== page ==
Survivors: Houston Co. barrel racer, horse 'Starr' overcome debi - KTRE.com | Lufkin and Nacogdoches, Texas

Survivors: Houston Co. barrel racer, horse 'Starr' overcome debilitating illness

HOUSTON COUNTY, TX (KTRE) -

A Houston County girl with a passion for Youth Barrel Racing and her horse, Starr, have overcome adversity. Starr Lena, was diagnosed with a disease that paralyzed her. Lacey said after a year of recovering as a team, she and Starr have hit the arena running.

"Dad would just put me up on this old horse we had that was 30 years old, and I'd say Daddy go faster go faster," Lacey Stubblefield, Youth Barrel Racer. 

In record-time Lace knew her heart would keep her on a horse.  

"It's my passion, and I actually want to make a career out of it when I'm older," Lacey said. 

The next step was finding the perfect partner to conquer her dreams with. 

"It took four horses until I got Starr, and she's fast,"  Lacey said. 

Starr Lena got her saddle and stirrups and became faster in the midst of the sights, sounds, and smells of the arena,  

"We were doing good. We were going and winning every time we went. She was perfect,"  Lacey said. 

Life knocked a barrel in Lacey and Starr’s reign.   

"Well she made the youth run, and she kind of slipped. We didn't think anything of it,"  Lacey said. 

No doctor or therapist could offer answers when Starr’s performance began to descend. 

"They just said oh she's crazy. There's nothing you can do about it. You need to just sell her,"  Lacey said.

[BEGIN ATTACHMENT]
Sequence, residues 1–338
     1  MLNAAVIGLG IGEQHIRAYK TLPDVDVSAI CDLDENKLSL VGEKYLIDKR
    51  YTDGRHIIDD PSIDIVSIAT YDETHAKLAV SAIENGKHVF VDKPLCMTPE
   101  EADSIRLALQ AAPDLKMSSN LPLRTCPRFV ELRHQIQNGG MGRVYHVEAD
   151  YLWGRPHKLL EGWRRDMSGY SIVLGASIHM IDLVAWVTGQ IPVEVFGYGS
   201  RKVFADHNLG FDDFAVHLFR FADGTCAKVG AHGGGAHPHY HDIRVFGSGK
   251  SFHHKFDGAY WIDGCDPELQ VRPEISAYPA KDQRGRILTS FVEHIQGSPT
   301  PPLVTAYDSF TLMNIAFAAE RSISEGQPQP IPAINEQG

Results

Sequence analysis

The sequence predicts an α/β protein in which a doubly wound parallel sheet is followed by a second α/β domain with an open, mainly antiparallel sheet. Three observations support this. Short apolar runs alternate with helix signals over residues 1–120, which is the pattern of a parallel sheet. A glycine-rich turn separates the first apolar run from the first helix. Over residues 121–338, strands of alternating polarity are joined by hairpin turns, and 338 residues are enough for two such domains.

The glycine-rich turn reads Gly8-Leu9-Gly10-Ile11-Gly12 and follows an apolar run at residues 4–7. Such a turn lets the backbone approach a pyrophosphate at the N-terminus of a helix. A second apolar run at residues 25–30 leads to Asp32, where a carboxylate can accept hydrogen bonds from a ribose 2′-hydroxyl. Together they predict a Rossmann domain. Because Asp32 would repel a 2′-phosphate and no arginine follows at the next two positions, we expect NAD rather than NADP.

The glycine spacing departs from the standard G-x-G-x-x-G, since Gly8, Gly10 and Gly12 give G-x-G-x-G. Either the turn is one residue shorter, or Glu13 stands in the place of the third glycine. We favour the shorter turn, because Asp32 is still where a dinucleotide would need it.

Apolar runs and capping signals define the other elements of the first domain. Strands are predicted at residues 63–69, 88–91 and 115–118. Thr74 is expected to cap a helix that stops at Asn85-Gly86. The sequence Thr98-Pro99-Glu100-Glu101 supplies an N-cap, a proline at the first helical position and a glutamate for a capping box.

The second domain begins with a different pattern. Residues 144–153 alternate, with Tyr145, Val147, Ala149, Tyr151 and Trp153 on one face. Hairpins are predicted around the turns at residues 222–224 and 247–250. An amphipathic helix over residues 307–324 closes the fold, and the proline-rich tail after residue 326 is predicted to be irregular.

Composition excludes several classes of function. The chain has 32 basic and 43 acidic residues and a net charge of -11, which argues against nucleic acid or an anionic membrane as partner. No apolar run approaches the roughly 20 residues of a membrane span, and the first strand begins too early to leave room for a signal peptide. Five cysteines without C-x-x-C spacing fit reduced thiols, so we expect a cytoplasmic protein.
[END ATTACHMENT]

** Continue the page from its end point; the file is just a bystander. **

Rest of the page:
Despite missing competitions and opportunities, Lacey had loyalty to her partner.  

"I told my parents I don't want to sell her because she's a great horse with great potential. Something is obviously wrong that we don't know,"  Lacey said. 

After a year of unanswered questions and dead end doctor visits, Starr was diagnosed with a debilitating disease known as EPM.  

"He started doing blood test on her. I was like oh my God what's wrong with my horse,"  Lacey said. 

Lack of coordination, weakness, and muscle deterioration were symptoms to be addressed during a 10 day treatment and a long recovery.  

"I stuck with her, and I had to literally stay off her for another 6 months. So I was off of her for a year,"  Lacey said. 

Like a long lost best friend,  Lacey and Starr had to rebuild their relationship. 

"We have so much in common. She like to take selfies like I do. We like to ride down trail rides to have a good day," Lacey said. 

"I couldn't trust her, she didn't trust me, but I wanted to keep her because I knew what we had before," Lacey said. 

Starr overcame EPM. The team has hit the arena’s that feel like home.   

"If it weren't for me sticking with her, and her sticking with me and not listening to the crazy people that were out there telling us it's not going to work," Lacey said, "the duo wouldn't t be back to the barrels."

"She's like my sister," Lacey said. 

They are back in the arenas with a story of dedication, determination, and 'riding on faith.' 

"I thank God for a clean run and my horse is fine. I just thank God because he gave me this," Lacey said. 

Lacey and Starr aren't slowing down. They'll hit the arena again next weekend in Gainesville, Texas 
in the North Texas Little Britches competition. 

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